Much has been written and said about Quaid-e-Azam Muhammad Ali Jinnah. However, little has been implemented by maintaining the true essence of his precious guidelines. The easy-to-understand percepts of the founding father have been reserved for historical archives, political sloganeering and rhetoric. Every year, August 14 and December 25 seems to be a ripe time for commemorating what should have been established as ‘law of the land’, till now. These dates on the calendar are unconditionally meant to spurt out the love for the country. The ‘go green’ furore encapsulates us (Pakistanis), twice a year (add two more to it if there is a cricket match between Pakistan and India). Zealous ‘spirits of nationalism’, undoubtedly, should be portrayed, but not at the expense of their institutionalization. Referring to M.A Jinnah during verbose speeches, substantiates the arguments of the present day leaders without ameliorating the distraught status quo.
Akbar S. Ahmed in his well wrought book, ‘Jinnah, Pakistan and Islamic Identity: the search for Saladin‘, questions the Pakistani leadership that has there been a plan devised to marginalize the ‘real Jinnah’? If not, then what is the record of Pakistan for promoting Jinnah’s stand on the international stage? The answers are still to be extracted and the procedure, like others prevailing in Pakistan, is not that easy. For the past 65 years, political bouts among the self-appointed custodians of Pakistan’s ideology, power-hungry politicians, the belligerent bureaucracy and so-called military saviours have enslaved the inspiring miracle of the 21st century. Instead of focusing on the essential messages of the founder, divergence over interpretations of his speeches has segregated the nation. ‘Debating Jinnah’ outweighed the acquisition of ‘visionary Jinnah’. To this day, attempts are being made to de-construct Jinnah’s inclination towards secularism or Islamic polity. Construing most of his speeches would lead to the conclusion that majority of the notions presented are accomodative of both the mindsets (religious and secularist). It is a matter of common sense to utilize the ‘irrefutable commonalities’ for building immutable blueprint of governance. The most simplistic example revolves around the golden motto of ‘unity, faith and discipline’. A clear manifestation of any three, on part of the Pakistani leadership, has not been witnessed. Being a human, Jinnah too had a right to hold some personal liberty in views and actions. Our failure lies in the unfair demarcation of his subjective and objective opinions. All this has dragged the illiterate majority into a state of self-pity and oblivion, which some people term as ‘identity crisis’ nowadays. The ‘intellectual demise’ of Pakistani politics had a ‘trickle down effect‘ that limited Quaid’s principles within ‘portrait frames’, bank notes and floozy declamations.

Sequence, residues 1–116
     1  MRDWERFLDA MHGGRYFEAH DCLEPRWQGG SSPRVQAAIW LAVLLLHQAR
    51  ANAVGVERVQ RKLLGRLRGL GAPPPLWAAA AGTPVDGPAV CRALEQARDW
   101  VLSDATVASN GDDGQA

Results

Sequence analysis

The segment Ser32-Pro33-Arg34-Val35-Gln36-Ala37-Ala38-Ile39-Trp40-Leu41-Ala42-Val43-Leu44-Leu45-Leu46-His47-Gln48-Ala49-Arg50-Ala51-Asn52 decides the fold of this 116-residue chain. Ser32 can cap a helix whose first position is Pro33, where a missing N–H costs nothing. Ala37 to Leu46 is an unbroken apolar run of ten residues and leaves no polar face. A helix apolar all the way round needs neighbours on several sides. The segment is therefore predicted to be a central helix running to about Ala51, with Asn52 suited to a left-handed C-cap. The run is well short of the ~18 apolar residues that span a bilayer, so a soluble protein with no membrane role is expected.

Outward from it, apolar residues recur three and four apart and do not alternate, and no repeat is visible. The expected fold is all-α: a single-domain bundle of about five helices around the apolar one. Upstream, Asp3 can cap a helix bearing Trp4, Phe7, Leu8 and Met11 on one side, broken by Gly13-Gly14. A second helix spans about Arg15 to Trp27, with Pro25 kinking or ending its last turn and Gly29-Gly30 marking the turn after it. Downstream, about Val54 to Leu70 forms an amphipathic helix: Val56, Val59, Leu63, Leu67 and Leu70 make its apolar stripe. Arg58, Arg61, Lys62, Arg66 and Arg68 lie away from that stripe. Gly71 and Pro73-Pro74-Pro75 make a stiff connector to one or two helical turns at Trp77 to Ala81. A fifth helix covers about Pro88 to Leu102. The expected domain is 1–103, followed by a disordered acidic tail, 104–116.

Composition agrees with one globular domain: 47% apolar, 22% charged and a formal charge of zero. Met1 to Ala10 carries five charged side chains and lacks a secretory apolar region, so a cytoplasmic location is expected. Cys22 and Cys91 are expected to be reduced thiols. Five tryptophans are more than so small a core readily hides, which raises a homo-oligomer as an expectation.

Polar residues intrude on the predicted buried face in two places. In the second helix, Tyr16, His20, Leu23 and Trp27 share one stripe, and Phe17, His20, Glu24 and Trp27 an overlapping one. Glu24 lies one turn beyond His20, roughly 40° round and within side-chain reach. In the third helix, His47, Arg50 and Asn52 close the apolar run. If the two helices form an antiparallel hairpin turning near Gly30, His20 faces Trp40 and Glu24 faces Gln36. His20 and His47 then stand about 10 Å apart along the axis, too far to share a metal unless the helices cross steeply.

Nations have an inherent tendency to learn this behaviour when they fail to translate ‘words of wisdom’ into ‘actions of value’. Quaid-e-Azam Muhammad Ali Jinnah believed in the ‘power to act’ and advocated appropriate actions. He adopted struggle as his passion, not as a way for achieving desired results. His achievements were a by-product of his untiring devotion towards his passion. This is the reason that his name will rest in world history as a man who altered the globe. Pakistanis have an example that needs to be emulated through sincerity with their respective professions. Quaid-e-Azam’s justice with his profession made him the father of Pakistan. He was not a priest, philosopher, poet, writer or even a politician. In fact, Jinnah was an incorruptible and unpurchaseable lawyer, who won the biggest case of his life in the international court of justice, the day Pakistan came into existence. For all the explanations implicitly stated in this piece of writing, I couldn’t muster the courage to end it with a quotation of Quaid-e-Azam Muhammad Ali Jinnah.
- Quaid-i-Azam Day: Jinnah: the political genius (dawn.com)